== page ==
Art in Akron just got several million times more vibrant.

The Akron Art Museum has landed an $8 million gift believed to be the single largest in its history from the John S. and James L. Knight Foundation.

The gift, announced Thursday by officials from the museum and the foundation, is geared to break down barriers and bring more art into peoples lives.

One of the vehicles for this initiative will be to establish the Bud and Susie Rogers Garden on the grounds of the iconic museum as a public gathering space.

The museum also hopes to expand its collection of works by contemporary artists and further use technology to engage visitors.

Alberto Ibargen, Knight Foundation president and CEO, said the funds from the foundation created by former newspaper giants are part of a mission to enhance the quality of life in those communities where the family had newspapers.

And giving to the arts and improving access to it, he said, does just that.

Ibargen said the foundation commissioned a study a few years back that looked what attracts and connects people within a community.

Before hearing the results, Ibargen said, he would have guessed jobs would have been the No. 1 driver of why people move somewhere and choose to plant roots.

However, he said the study found most people connect with a city through family and personal friendships, and they think a strong cultural and arts community is also important.

The foundation has a history of being a patron of the Akron museum over the last 20 years, including contributing to the construction of the distinctive Coop Himmelb(l)au-designed expansion that opened in 2007. The glass structure is named for John S. and James L. Knight, who once owned the Akron Beacon Journal.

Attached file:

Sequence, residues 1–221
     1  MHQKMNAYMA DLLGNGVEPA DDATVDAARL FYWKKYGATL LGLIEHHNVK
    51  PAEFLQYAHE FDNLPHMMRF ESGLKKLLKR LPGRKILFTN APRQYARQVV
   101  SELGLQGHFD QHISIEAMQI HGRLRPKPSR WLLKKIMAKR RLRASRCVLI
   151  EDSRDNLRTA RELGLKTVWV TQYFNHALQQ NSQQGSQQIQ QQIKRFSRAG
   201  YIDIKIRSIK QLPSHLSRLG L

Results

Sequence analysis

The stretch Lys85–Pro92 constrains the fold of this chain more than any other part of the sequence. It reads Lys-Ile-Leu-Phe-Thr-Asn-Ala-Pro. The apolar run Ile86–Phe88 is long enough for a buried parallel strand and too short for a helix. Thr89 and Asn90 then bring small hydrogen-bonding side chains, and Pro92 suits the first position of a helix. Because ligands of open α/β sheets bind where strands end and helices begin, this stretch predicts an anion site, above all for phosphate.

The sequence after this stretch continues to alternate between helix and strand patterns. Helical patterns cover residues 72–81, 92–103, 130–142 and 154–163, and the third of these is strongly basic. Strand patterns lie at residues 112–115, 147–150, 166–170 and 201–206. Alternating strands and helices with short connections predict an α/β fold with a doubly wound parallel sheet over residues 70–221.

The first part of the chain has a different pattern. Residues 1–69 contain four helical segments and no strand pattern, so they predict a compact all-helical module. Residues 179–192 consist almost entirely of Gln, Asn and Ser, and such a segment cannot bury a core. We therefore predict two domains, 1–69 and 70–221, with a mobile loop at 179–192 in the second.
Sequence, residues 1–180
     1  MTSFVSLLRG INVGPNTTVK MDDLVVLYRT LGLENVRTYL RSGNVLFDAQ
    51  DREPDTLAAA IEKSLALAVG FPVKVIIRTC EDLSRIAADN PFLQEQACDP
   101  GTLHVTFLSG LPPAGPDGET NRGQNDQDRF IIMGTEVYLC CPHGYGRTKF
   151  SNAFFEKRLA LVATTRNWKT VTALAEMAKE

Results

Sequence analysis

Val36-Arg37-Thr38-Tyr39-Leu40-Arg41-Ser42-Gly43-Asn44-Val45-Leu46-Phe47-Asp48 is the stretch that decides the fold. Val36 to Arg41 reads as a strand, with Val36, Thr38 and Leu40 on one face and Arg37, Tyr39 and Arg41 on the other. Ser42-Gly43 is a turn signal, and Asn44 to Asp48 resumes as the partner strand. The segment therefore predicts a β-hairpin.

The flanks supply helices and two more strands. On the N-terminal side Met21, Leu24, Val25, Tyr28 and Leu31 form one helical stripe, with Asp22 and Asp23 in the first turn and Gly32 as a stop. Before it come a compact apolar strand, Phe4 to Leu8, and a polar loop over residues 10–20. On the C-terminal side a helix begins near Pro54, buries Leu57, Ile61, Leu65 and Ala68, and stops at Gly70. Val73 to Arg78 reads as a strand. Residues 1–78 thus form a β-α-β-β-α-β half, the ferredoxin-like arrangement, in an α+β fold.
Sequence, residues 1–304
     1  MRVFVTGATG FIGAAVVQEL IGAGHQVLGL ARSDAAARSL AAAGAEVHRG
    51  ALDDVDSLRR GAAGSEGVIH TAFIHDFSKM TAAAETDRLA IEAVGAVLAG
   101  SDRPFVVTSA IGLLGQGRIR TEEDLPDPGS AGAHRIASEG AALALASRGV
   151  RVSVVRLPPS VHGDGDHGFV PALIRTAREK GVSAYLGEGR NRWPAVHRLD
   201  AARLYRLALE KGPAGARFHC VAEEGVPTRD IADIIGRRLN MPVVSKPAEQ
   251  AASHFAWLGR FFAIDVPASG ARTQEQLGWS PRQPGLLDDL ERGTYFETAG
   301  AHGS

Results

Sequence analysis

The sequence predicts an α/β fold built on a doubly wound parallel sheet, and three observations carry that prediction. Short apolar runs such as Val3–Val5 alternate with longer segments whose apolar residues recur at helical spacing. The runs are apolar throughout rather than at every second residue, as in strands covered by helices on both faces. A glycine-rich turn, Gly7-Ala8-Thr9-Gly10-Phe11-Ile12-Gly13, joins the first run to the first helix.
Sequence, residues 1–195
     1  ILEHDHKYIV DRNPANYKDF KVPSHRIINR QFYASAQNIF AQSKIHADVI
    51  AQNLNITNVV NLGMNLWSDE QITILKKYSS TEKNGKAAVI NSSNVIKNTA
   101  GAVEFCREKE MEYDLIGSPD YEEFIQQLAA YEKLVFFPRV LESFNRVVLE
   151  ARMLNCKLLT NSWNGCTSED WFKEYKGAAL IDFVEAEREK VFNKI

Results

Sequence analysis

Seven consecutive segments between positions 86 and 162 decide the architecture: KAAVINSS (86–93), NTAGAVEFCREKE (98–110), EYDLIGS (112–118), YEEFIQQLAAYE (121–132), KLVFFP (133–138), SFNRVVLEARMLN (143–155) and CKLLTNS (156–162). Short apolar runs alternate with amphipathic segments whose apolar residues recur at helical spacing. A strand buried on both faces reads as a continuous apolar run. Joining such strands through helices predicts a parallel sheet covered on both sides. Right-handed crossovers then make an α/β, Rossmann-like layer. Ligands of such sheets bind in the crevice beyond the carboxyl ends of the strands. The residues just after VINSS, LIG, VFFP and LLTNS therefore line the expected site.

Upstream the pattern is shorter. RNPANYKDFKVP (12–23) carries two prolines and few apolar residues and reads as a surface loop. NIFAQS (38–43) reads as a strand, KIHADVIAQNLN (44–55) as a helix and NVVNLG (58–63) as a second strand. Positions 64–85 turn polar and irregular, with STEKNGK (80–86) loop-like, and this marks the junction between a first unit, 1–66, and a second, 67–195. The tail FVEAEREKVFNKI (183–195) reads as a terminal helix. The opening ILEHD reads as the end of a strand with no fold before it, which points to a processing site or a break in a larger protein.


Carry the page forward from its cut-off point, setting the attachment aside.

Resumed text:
So when folks within the Akron arts community began lobbying for financial help to not only keep the lights on, but also to further reach out into the community in new and innovative ways, Ibargen said, it was not a tough sell for the foundation board to buy in.

This sort of thing doesnt just happen by chance, he said.

Akron Art Museum CEO Mark Masuoka said landing the grant was a group effort from employees to the museums board to patrons of art in the community.

Funding of this magnitude is transformative, Masuoka said, for a museum like Akron that boasts a collection of some 5,000 works that date back as far as 1850.

The hard work starts right now, he said. The investment we make back to the community is immense.

A gift to the arts is a gift back to the community.

The museum plans to recast Masuokas job title to reflect the Knight familys legacy of contributions to the arts in Akron and specifically its support of the museum: The current and future leaders will go by the title of John S. Knight director and CEO.

Given Jack Knights commitment to being the kind of leader who tirelessly worked to improve the civic landscape, were proud to rename the executive directors title in his name, Masuoka said. Its a legacy we believe in as we work to lead in Akron by enriching lives through modern and contemporary art.

The four key concentrations of the financial gift include:

?Exhibitions. Support exhibitions by significant modern and contemporary artists, including work by artists who explore digital aspects of contemporary culture.

?Collections. Strengthen a commitment to scholarship, research and acquisition of significant artworks to be displayed in the galleries and in the Bud and Susie Rogers Garden.

?Public engagement. Enhance the digitization of the collection and the web, gallery and program design to expand access to the collection and improve visitor experience.

?Operations. Enhance the museums ability to create engaging digital content and incorporate technology into the visitor experience.

William Considine, CEO of Akron Childrens Hospital, a Knight Foundation trustee and long-time supporter of the Akron Art Museum, said this was an important day for the museum.

Theres a rich history of the Akron Art Museum demonstrating how the arts can make the city a better place, Considine said in a prepared statement. Its significant that Knight Foundation believes in the role the Akron Art Museum serves in Akron and that theyre willing to embrace this institution with such dedication.

Akron Mayor Daniel Horrigan agreed: Investing in the art community is an investment in all of us.

Craig Webb can be reached at cwebb@thebeaconjournal.com or 330-996-3547.